When it comes of the safety of those who would lay down their lives for our freedoms here in the United States, we can surely make compromises. We owe them no less.

  David Almasi is executive director of The National Center for Public Policy Research, a Washington, D.C. think tank. Comments may be sent to [email protected].

Footnotes1 Gidget Fuentes, “Marines Tackle Complex Limitations at Camp Pendleton,” North County Times, July 1, 2002; March 2003 interview of Mike Collier, director of training at Camp Pendleton, who told the author that Marines training on Red Beach are told in advance to keep away from the vegetated areas and stay on prescribed exit paths. Should a Marine drive, dig or similarly upset the vegetated areas, he is considered to be in violation of orders from his superior and subject to both military discipline and the federal penalties related to disruption of critical habitat.

2 Ibid.

3 Testimony of Deputy Assistant Secretary (Installations and Facilities) Wayne Arny, U.S. Navy, before the U.S. House of Representatives Subcommittee on Readiness, Armed Services Committee, Washington, D.C., March 13, 2003.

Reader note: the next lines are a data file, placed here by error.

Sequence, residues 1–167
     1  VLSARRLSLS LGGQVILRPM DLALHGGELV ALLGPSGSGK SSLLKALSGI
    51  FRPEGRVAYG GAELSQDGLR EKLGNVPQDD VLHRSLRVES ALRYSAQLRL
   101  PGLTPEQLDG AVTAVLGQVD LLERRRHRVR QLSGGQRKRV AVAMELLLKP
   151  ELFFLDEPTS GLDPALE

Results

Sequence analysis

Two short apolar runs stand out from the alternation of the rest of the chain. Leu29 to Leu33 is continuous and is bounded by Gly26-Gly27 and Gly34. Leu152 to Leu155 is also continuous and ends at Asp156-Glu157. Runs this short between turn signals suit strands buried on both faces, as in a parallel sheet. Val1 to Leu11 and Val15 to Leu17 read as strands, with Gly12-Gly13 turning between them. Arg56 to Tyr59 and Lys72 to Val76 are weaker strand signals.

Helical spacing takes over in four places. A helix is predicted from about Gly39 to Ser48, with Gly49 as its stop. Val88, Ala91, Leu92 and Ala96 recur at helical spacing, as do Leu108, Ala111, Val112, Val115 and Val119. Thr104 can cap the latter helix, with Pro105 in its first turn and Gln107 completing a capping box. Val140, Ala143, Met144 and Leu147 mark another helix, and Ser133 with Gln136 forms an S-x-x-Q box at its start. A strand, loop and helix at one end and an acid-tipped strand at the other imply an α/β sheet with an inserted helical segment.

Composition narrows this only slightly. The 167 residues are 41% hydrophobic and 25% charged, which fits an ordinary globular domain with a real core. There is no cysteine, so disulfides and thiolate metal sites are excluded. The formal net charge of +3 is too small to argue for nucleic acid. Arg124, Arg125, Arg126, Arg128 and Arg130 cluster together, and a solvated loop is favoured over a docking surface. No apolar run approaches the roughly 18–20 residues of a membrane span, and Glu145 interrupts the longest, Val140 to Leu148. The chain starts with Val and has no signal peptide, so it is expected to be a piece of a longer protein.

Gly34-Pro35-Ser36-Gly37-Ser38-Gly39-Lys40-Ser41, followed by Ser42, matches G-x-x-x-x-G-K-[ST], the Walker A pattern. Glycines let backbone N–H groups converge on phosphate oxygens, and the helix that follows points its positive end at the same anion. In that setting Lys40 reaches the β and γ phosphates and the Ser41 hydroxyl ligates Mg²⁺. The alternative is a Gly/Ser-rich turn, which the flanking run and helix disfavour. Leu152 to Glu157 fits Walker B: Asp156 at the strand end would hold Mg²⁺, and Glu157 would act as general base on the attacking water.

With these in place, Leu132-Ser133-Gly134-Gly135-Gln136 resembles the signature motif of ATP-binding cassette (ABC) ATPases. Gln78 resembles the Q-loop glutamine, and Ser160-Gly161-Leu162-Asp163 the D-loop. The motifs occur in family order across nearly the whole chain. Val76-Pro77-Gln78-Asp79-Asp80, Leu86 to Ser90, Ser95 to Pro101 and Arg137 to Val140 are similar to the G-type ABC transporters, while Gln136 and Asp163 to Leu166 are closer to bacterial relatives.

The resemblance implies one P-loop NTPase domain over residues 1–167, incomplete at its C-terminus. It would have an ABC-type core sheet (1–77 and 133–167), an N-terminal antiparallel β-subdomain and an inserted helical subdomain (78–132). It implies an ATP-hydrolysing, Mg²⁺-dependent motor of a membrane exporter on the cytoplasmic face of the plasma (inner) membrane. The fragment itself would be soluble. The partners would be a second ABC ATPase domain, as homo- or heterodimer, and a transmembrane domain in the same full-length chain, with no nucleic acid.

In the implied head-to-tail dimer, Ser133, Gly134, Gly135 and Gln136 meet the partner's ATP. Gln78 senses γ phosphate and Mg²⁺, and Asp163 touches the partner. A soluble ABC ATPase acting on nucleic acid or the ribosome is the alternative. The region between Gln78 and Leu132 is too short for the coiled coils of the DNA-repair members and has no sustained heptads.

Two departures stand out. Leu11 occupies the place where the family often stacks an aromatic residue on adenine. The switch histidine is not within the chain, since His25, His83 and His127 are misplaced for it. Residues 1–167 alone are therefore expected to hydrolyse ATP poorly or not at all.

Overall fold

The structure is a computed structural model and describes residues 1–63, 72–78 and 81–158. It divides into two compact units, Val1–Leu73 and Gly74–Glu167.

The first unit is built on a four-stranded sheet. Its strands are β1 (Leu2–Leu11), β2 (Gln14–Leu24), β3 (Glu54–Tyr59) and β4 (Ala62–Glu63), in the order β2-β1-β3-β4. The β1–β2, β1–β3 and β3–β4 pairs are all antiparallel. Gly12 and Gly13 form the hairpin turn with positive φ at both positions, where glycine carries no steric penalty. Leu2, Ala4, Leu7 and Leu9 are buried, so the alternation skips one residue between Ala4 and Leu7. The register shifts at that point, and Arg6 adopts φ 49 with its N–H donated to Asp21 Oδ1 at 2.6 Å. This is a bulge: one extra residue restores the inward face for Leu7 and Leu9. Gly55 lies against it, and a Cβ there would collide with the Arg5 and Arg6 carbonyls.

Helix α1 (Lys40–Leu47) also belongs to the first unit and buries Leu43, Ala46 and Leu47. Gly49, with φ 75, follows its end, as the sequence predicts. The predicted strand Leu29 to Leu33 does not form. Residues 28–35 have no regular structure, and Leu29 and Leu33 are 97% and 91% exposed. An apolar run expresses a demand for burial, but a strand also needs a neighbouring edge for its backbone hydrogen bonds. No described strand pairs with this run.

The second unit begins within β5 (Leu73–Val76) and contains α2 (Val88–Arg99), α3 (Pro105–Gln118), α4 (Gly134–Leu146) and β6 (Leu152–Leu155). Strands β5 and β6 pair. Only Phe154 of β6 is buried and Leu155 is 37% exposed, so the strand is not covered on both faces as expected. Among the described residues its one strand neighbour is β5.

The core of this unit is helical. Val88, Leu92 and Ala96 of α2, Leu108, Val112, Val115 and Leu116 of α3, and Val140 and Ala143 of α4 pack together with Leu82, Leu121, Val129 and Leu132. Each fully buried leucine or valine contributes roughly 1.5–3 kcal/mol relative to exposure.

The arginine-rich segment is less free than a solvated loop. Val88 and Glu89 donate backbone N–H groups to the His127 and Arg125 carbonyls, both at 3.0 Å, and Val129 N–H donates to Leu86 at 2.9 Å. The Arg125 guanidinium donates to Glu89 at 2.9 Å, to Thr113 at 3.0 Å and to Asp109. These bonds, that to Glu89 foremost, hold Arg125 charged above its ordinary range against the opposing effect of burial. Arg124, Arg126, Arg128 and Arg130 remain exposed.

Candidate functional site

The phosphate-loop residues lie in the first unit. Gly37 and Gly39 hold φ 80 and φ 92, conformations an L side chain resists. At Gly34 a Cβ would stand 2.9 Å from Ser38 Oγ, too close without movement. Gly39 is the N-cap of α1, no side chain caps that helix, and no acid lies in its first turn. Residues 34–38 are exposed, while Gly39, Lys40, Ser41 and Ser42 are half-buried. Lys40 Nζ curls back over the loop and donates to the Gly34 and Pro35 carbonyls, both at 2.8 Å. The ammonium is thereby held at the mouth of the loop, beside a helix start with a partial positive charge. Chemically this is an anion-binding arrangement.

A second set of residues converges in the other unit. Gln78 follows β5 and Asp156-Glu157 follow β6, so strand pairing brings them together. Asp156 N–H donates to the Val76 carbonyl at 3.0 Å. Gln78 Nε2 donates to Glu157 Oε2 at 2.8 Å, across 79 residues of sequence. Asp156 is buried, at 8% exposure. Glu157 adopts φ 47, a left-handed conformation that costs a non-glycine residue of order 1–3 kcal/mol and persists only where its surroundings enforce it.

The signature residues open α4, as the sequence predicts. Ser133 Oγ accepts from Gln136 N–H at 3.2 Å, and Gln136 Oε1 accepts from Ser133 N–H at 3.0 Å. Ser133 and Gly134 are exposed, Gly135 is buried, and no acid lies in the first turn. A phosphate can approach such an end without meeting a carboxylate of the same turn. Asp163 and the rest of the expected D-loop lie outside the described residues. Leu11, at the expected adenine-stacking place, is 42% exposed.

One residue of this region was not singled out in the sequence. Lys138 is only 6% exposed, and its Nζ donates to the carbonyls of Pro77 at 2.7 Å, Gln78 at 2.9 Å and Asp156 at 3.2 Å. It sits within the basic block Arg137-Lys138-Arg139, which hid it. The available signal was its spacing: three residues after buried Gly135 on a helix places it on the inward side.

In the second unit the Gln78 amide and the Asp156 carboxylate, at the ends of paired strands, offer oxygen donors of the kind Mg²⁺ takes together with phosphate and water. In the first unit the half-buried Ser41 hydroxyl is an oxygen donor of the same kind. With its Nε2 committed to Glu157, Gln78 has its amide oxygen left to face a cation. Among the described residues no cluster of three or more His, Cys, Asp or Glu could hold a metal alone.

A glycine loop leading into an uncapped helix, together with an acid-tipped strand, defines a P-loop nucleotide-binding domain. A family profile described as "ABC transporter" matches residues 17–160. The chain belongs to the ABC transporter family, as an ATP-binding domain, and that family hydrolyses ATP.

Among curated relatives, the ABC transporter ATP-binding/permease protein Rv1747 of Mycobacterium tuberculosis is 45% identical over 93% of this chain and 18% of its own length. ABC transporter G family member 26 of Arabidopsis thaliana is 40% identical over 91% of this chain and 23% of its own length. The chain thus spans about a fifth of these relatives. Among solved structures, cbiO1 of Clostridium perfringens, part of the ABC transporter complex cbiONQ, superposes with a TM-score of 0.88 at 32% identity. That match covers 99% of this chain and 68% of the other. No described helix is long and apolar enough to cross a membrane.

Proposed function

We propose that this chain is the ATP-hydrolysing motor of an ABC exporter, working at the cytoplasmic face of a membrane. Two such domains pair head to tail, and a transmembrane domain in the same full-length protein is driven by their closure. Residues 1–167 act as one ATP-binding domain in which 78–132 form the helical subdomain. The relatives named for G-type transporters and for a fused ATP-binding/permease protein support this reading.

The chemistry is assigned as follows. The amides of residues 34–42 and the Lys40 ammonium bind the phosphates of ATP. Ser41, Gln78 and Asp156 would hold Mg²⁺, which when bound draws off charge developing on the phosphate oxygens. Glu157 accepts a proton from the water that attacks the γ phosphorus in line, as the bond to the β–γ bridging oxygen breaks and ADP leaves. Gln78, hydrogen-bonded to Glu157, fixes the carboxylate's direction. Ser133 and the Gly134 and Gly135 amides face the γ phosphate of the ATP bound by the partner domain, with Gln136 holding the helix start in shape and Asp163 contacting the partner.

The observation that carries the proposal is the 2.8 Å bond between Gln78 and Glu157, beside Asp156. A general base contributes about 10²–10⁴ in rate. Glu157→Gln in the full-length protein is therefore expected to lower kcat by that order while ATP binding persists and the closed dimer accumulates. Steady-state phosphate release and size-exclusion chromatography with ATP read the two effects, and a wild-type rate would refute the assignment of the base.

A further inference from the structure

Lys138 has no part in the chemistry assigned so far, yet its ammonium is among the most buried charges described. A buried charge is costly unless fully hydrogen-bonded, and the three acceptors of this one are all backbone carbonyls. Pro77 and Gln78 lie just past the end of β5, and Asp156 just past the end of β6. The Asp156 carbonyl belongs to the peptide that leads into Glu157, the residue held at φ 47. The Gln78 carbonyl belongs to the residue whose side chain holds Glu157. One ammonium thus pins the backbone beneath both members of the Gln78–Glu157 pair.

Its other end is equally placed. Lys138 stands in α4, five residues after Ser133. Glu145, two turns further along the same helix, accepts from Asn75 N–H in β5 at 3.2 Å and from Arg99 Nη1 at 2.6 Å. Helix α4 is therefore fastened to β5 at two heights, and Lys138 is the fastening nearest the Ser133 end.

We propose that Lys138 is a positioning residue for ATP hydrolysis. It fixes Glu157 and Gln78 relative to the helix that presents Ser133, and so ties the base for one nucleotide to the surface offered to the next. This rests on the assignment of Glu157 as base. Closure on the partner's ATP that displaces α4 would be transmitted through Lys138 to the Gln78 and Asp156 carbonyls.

4 Ibid.

5 “EPW Fact of the Day: Oblivious,” e-mail communication, Committee on Environment and Public Works, U.S. Senate, March 7, 2003.

6 “Operation End Extremism,” e-mail communication, Committee on Environment and Public Works, U.S. Senate, March 17, 2003.

7 Testimony of Wayne Arny.

8 Bonner Cohen, “Environmental Regulations Impede Pentagon Readiness,” The Heartland Institute, Chicago, Illinois, March 1, 2003.

9 Sean Paige, “Under Siege: One Reason Our Military Readiness is Down: We Won’t Let Them Train,” Competitive Enterprise Institute, Washington, D.C., November 1, 2001.

10 Testimony of Wayne Arny.

11 Fuentes.

12 Suzanne Struglinksi, “DOD Requests Five Changes to Environmental Laws,” Environment and Energy Daily, March 6, 2003.

13 Ibid.